About Bones

Bone facts

Bone health is an important part of general health. Bones are flexible yet strong for movement and protect vital organs. Bones grow in childhood, have a growth spurt in adolescence and are constantly rebuilt during adulthood in a process called ‘remodelling’. Bone is living tissue with some cells breaking down the bone (osteoclasts) while other cells (osteoblasts) rebuild new bone. This is why bones can heal after a break.

Fun fact: There are 206 bones in the body – the smallest bone in the skeleton is in our ear, and the largest is in our leg.

A close up image inside a healthy bone below reveals a dense matrix style structure. 

Image: A close-up image inside a healthy bone (above) reveals a dense matrix-style structure

What causes poor bone health?

Research has identified common risk factors for developing osteoporosis. Your doctor should investigate these risk factors. This mainly applies to patients 50 years and over but can also apply to younger adults with specific risk factors. A bone density scan is the most common test to help diagnose osteoporosis.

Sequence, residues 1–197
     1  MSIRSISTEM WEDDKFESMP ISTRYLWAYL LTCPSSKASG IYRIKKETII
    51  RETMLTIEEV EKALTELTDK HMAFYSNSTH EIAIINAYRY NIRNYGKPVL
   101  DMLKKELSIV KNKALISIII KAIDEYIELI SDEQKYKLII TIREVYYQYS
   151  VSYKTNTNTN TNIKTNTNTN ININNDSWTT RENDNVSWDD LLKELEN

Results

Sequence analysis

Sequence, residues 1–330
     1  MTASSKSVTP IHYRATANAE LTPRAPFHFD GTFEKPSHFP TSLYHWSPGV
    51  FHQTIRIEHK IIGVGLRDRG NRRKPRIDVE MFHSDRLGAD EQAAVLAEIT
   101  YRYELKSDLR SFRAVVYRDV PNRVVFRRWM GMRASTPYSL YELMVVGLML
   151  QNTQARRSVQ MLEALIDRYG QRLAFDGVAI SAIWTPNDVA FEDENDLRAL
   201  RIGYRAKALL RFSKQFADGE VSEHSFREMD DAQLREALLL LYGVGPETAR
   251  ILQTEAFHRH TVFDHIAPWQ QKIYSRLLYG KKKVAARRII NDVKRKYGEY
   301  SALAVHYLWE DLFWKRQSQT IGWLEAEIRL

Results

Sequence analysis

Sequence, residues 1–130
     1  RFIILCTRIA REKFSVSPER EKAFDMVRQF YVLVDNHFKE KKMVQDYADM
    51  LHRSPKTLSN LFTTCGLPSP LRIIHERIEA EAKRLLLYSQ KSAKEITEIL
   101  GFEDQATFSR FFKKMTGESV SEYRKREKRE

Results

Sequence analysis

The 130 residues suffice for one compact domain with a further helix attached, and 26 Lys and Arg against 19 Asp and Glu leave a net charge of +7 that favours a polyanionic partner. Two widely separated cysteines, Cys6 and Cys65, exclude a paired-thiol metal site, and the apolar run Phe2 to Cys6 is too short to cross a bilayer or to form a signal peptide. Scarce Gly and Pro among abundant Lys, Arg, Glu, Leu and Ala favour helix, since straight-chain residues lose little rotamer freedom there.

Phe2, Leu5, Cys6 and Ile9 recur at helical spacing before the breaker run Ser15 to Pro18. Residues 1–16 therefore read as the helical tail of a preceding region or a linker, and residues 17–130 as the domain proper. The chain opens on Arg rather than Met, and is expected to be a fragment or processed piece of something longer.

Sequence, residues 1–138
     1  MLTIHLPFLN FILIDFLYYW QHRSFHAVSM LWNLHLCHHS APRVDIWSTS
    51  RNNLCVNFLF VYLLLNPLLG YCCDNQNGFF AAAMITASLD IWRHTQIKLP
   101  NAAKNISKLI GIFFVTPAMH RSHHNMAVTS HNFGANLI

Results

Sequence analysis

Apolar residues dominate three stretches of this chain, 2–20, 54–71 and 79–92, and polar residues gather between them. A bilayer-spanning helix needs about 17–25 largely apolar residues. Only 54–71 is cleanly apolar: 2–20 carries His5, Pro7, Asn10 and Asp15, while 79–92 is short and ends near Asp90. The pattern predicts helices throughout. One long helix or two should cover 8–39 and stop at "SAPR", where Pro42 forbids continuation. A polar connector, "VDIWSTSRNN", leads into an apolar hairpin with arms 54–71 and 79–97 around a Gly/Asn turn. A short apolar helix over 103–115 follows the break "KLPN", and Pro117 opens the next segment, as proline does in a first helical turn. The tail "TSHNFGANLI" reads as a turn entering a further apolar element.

Tips for maintaining bone health

Maintaining healthy bones requires adequate levels of calciumvitamin D and exercise. Protein is also essential for muscle development and strength to support staying active. Some micronutrients also play a lesser role in bone health.

The skeleton 

Maintaining healthy bones is important to remain mobile and independent. Avoiding unwanted fractures from poor bone health is an important health priority in adults. Bone breaks can occur in different parts of the skeleton due to osteoporosis, but common areas include the wrist, arm, leg, hip and spine. Read more about osteoporosis.